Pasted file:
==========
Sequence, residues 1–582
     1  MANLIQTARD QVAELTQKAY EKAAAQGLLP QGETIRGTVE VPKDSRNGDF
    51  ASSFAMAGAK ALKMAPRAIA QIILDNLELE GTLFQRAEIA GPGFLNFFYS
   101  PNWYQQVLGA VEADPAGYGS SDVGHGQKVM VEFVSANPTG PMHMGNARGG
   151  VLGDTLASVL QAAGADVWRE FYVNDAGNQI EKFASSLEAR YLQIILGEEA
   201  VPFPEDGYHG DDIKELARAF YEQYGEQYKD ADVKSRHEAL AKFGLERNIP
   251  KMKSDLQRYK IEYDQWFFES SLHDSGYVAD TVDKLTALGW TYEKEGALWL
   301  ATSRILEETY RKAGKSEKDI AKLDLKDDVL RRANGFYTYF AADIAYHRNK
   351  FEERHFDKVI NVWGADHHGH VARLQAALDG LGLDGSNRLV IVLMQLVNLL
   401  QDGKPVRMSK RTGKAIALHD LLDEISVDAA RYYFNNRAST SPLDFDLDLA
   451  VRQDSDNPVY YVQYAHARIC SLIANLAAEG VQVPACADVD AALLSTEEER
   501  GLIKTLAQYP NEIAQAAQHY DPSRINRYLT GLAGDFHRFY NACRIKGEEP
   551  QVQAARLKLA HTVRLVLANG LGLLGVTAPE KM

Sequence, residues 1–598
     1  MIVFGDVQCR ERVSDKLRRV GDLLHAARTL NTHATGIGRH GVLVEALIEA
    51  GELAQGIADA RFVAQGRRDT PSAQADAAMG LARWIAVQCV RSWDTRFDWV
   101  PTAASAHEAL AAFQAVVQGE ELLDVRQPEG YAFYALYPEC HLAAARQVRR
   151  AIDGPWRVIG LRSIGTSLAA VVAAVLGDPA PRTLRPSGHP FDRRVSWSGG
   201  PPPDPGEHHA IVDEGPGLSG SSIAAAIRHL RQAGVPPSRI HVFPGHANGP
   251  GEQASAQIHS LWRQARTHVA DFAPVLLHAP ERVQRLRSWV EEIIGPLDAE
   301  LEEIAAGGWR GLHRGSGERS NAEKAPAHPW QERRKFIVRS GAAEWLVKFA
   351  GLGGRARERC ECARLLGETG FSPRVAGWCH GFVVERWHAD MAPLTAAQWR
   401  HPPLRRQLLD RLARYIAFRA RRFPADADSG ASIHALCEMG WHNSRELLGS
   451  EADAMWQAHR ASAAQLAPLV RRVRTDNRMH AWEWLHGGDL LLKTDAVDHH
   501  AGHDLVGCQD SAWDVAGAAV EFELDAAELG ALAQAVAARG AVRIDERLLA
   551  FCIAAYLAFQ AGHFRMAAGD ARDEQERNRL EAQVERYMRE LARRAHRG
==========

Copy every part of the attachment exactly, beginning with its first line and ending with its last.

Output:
Sequence, residues 1–582
     1  MANLIQTARD QVAELTQKAY EKAAAQGLLP QGETIRGTVE VPKDSRNGDF
    51  ASSFAMAGAK ALKMAPRAIA QIILDNLELE GTLFQRAEIA GPGFLNFFYS
   101  PNWYQQVLGA VEADPAGYGS SDVGHGQKVM VEFVSANPTG PMHMGNARGG
   151  VLGDTLASVL QAAGADVWRE FYVNDAGNQI EKFASSLEAR YLQIILGEEA
   201  VPFPEDGYHG DDIKELARAF YEQYGEQYKD ADVKSRHEAL AKFGLERNIP
   251  KMKSDLQRYK IEYDQWFFES SLHDSGYVAD TVDKLTALGW TYEKEGALWL
   301  ATSRILEETY RKAGKSEKDI AKLDLKDDVL RRANGFYTYF AADIAYHRNK
   351  FEERHFDKVI NVWGADHHGH VARLQAALDG LGLDGSNRLV IVLMQLVNLL
   401  QDGKPVRMSK RTGKAIALHD LLDEISVDAA RYYFNNRAST SPLDFDLDLA
   451  VRQDSDNPVY YVQYAHARIC SLIANLAAEG VQVPACADVD AALLSTEEER
   501  GLIKTLAQYP NEIAQAAQHY DPSRINRYLT GLAGDFHRFY NACRIKGEEP
   551  QVQAARLKLA HTVRLVLANG LGLLGVTAPE KM

Sequence, residues 1–598
     1  MIVFGDVQCR ERVSDKLRRV GDLLHAARTL NTHATGIGRH GVLVEALIEA
    51  GELAQGIADA RFVAQGRRDT PSAQADAAMG LARWIAVQCV RSWDTRFDWV
   101  PTAASAHEAL AAFQAVVQGE ELLDVRQPEG YAFYALYPEC HLAAARQVRR
   151  AIDGPWRVIG LRSIGTSLAA VVAAVLGDPA PRTLRPSGHP FDRRVSWSGG
   201  PPPDPGEHHA IVDEGPGLSG SSIAAAIRHL RQAGVPPSRI HVFPGHANGP
   251  GEQASAQIHS LWRQARTHVA DFAPVLLHAP ERVQRLRSWV EEIIGPLDAE
   301  LEEIAAGGWR GLHRGSGERS NAEKAPAHPW QERRKFIVRS GAAEWLVKFA
   351  GLGGRARERC ECARLLGETG FSPRVAGWCH GFVVERWHAD MAPLTAAQWR
   401  HPPLRRQLLD RLARYIAFRA RRFPADADSG ASIHALCEMG WHNSRELLGS
   451  EADAMWQAHR ASAAQLAPLV RRVRTDNRMH AWEWLHGGDL LLKTDAVDHH
   501  AGHDLVGCQD SAWDVAGAAV EFELDAAELG ALAQAVAARG AVRIDERLLA
   551  FCIAAYLAFQ AGHFRMAAGD ARDEQERNRL EAQVERYMRE LARRAHRG